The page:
17 January 2002

Howard Womersley Smith

Smart ID cards: Are they smart enough?

As part of a drive to boost e-business and e-government services the Secretary of Information Technology and Broadcasting Bureau, Mrs Carrie Yau, announced just before the holidays the introduction of a new multi-use smart identity card to all 6.8 million Hong Kong identity cardholders from the middle of 2003.

The new smart ID card will contain a small amount of personal information such as thumbprints and a photo, similar to those already printed on identity cards, which will make it easier to confirm the identity of the holder of the card. They will also be able to be used as a library card and as a driving licence.

It is also anticipated that the smart ID cards will come with an option of a free digital certificate. Card holders will be offered a year's free use of a certification system embedded into the smart ID card which will allow card holders to authenticate their identity over the Internet by digital signature and encrypt electronic documents. This will open up a large amount of applications that may be used by card holders, such as government services (which may include the filing of tax returns) and secure Internet banking, stock trading and shopping.

The Government has commissioned Hongkong Post (which already issues digital certificates under the Electronic Transaction Ordinance (Cap. 553)) to create the digital certificate system, called E-cert, in an attempt to make Hong Kong people cyber citizens in a leading cyber city, as Mrs Yau calls it.

What are the legal implications here? Mrs Yau has already pointed out that various amendments will need to be made to existing laws, such as to the Registration of Persons Ordinance (Cap. 177). However, to date she has not spoken in detail on the potentially serious privacy implications of smart ID cards.

The Privacy Commissioner highlighted these implications when he described the proposed smart ID card as a comprehensive personal dossier which, due to its portability and ease of use, could make the embedded personal data accessible to many. The questions which therefore have to be addressed are the extent to which personal data on the cards will be accessible and the legal protection that will be provided to cardholders.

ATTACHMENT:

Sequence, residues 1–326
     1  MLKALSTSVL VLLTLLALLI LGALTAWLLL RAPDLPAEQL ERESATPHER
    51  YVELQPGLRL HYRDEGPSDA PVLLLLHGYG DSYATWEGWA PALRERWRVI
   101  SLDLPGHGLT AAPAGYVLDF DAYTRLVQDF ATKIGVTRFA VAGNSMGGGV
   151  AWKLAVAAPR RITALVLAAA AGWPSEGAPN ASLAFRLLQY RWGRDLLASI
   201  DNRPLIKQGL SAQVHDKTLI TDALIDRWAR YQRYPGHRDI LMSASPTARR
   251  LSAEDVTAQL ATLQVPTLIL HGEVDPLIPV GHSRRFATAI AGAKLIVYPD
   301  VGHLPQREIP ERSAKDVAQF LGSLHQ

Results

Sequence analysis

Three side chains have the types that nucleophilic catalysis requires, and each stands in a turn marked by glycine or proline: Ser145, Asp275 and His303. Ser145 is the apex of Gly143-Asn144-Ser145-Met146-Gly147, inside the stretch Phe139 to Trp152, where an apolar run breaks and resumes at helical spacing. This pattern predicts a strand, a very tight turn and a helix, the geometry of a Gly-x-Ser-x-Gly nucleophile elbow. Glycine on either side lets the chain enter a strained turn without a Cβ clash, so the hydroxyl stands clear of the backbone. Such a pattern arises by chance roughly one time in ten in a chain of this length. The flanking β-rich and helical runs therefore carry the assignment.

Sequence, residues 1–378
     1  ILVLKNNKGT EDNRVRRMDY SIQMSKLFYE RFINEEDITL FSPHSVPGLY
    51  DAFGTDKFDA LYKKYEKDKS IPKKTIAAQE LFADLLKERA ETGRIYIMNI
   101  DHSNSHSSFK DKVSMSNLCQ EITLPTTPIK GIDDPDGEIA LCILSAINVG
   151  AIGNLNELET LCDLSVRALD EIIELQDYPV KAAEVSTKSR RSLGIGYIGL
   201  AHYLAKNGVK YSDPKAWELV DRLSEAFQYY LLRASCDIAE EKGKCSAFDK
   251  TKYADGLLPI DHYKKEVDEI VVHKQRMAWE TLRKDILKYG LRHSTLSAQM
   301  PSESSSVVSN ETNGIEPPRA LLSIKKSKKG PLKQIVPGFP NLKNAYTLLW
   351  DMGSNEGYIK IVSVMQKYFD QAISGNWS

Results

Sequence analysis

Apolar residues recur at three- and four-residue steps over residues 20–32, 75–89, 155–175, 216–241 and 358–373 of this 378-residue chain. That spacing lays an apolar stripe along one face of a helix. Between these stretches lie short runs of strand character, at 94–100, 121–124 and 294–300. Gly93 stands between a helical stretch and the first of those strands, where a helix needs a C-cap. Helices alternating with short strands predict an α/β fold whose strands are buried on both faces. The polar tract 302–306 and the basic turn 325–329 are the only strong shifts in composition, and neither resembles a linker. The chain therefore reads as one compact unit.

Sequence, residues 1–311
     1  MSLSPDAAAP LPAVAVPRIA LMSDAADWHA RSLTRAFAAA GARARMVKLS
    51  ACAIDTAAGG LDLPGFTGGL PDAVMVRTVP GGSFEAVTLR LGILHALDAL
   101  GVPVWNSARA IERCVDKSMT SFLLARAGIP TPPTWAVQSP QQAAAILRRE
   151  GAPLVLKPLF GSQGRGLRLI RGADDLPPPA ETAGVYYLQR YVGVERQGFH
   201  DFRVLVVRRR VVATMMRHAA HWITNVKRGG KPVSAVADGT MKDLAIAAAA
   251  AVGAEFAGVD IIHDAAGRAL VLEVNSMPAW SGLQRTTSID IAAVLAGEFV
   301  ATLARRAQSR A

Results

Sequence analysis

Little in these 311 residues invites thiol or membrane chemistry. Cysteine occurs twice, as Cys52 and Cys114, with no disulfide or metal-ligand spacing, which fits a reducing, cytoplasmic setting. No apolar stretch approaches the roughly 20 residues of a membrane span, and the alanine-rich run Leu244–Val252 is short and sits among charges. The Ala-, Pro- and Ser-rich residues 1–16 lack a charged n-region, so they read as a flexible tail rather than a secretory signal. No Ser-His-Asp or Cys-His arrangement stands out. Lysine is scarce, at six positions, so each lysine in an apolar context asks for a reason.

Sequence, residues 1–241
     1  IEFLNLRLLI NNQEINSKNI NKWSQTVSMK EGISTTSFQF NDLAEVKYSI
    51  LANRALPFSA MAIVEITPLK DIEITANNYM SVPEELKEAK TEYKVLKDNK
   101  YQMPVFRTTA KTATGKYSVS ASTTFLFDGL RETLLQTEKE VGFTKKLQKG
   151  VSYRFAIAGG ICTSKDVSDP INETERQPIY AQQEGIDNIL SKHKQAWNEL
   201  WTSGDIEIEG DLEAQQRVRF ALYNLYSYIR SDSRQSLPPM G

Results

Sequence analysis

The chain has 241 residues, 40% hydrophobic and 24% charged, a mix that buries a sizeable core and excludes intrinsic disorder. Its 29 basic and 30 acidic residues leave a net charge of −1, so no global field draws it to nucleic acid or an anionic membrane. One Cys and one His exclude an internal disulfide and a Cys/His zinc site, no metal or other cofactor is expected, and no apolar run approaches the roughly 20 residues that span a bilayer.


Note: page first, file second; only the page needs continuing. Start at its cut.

General protections of privacy can be found in Article 40 of the Basic Law (Cap. 2102) which protects the freedom and privacy of communication and in Article 14 of the Bill of Rights Ordinance (Cap. 383). Article 14 is particularly relevant to smart ID cards as it provides individuals with a right to privacy that is binding on the Government. The common law of confidentiality will also apply to data users as well as a number of criminal offences that relate to the unlawful misuse of technology.

However, the Personal Data (Privacy) Ordinance (Cap. 486) (the PDPO) provides the most protection to an individual's personal data and privacy. Its principles require, amongst other things, that the collection of personal data be necessary and that the personal data only be used to carry out a function or activity (unless the individual consents otherwise). Also, any retained personal data must be kept accurate, up-to-date and for no longer than is necessary. These restrictions could prevent cross use of data accumulated from the smart ID cards by separate branches of the Government.

Further, and this should provide comfort to individuals who intend to use the E-Cert system, the data user is required to provide information to individuals about the use of their personal data. This includes, amongst other things, whether it is obligatory or voluntary for the individual to supply the personal data that has been requested and to whom it will be transferred. The best way of communicating this information to an individual would be for a data user, such as the Immigration Department, to have a written personal data policy which it could provide to individuals.

In theory, the existing data protection rules will adequately protect an individual_ s personal data when using a smart ID card. However, ensuring compliance with those rules on a practical level may be more difficult. The Privacy Commissioner is likely to issue a Code of Practice in due course which issuers of the cards, including other branches of the Government, will be bound to apply.

There is some time before the smart ID cards are introduced. Hopefully, the Information Technology and Broadcasting Bureau will consult the Privacy Commissioner, potential Government and private sector data users and individuals so that the smart ID cards are developed to protect the interests of all parties concerned.

An edited version of this article was first published in South China Morning Post on 17/02/2002